But this study carried out in 2004 involving nearly 1000 dogs showed that none of them survived longer than ten days after a “bite” event. Most were dead within four days.
But the harsh fact is that most dogs won’t because most dogs will be euthanized if it is believed that they have rabies.
How do I stop my dog from getting rabies?
There is only one way to prevent your dog from getting rabies and that is by getting them vaccinated before they get bitten.
Humans can get a vaccination after they have been bitten by a rabid animal, but dogs (or cats) can’t.
As an interesting sidenote, this post bite “serum” for people was originally developed by Louis Pasteur- the bloke behind pasteurisation, the process that keeps our milk and beer safe!
What are the symptoms of rabies?
Like many diseases, it is hard to be very precise about many aspects of rabies.
If your dog has been bitten by a rabies bat, you might not see any real signs of trouble for two weeks or four months.
It depends on how big the bite was and how close to the brain or spine the bite was.
The first stage will see your dog completely change character.
Those images we have of an aggressive dog, with wild staring eyes and a mass of drawl and saliva hanging from their mouth?
Well, rabies turns previously shy and gentle dogs into these vicious beasts.
And if you had a pretty aggressive dog before the bite, they will be turned into nervous wrecks, cowering away in corners because everything scares them.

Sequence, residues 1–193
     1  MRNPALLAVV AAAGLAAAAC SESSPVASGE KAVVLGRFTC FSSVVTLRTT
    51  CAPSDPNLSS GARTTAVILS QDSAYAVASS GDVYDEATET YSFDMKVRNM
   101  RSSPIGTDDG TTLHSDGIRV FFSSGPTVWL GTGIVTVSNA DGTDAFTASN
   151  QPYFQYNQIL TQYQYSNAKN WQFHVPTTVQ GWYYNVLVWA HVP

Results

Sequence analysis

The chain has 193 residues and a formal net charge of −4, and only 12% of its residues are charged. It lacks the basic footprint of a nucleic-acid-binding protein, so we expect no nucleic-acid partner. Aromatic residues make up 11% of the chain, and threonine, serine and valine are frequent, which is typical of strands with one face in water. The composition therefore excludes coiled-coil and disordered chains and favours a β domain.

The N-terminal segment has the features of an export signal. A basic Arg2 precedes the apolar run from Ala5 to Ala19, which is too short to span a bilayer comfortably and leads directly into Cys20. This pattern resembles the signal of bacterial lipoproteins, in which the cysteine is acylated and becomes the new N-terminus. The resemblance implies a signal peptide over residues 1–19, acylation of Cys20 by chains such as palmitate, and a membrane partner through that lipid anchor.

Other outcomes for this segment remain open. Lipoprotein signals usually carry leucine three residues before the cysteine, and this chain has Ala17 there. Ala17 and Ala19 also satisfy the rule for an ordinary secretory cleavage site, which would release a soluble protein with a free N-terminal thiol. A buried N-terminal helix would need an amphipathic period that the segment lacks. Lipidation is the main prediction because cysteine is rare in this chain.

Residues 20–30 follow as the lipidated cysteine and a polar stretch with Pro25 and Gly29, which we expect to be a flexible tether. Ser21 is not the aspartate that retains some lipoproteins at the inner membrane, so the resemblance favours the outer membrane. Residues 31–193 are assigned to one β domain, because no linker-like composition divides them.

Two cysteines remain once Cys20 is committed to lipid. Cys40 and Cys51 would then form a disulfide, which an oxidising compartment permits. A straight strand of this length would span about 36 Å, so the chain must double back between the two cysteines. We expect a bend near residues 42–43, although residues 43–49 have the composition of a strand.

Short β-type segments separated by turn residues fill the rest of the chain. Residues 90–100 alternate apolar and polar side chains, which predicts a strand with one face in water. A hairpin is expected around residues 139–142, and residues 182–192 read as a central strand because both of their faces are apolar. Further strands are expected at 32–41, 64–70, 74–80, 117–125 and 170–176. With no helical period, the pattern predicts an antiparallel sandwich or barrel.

And from there, you dog will either get the furious form of the disease or the dumb form.
Dogs with the furious form will continue to be aggressive, agitated and in their madness they will try to eat anything.
Paralysis sets in and the dog will die of a violent seizure.
The dumb form of the disease is more common in dogs and it skips the aggressive stage.
Your dog will become increasingly paralysed, fall into a coma and die.
How can I stop my dog from getting rabies?
The only guaranteed way to stop your dog from getting rabies from a bat, is to have them vaccinated and keep the vaccinations up to date.
There are many tragic elements of your dog getting rabies but one that I haven’t mentioned yet is that you are very limited in what you can do.
By the time that your dog shows any symptoms, not only will it be too late because the probability of them recovering is minute but you can’t help them because the probability of you contracting rabies by handling them is so high.
At the first sign of any sign of fevered aggression or paralysis you have a duty to phone your vet.
How common are bats?
Bats live in all parts of the US and UK but their numbers are falling drastically.
In fact, nearly ⅓ of North American bat species are in decline.
And so it is really tricky to say how likely it is that you or your dog will come across a bat.
You are more likely to stumble across one if you live in a rural location rather than a city centre.
If you want to look at some of the survey data, here are some great maps for the UK.
For the US, there is a bat diversity map here.
If your dog has eaten a bat, then try not to worry.
It is unlikely that anything bad will happen to them beyond a bit of sickness and diarrhea.
In fact in the UK, it is almost certain that because we are rabies free, your dog will suffer nothing more than this.
In the US, where rabies does exist, the risk is higher but it is still very unlikely.
But I think that having looked at this issue much more closely, forewarned is forearmed.
If you think that you are (lucky enough) to live in an area where bats (of whichever species) are quite common talk to your vet about whether they think that your dog needs an anti rabies vaccination.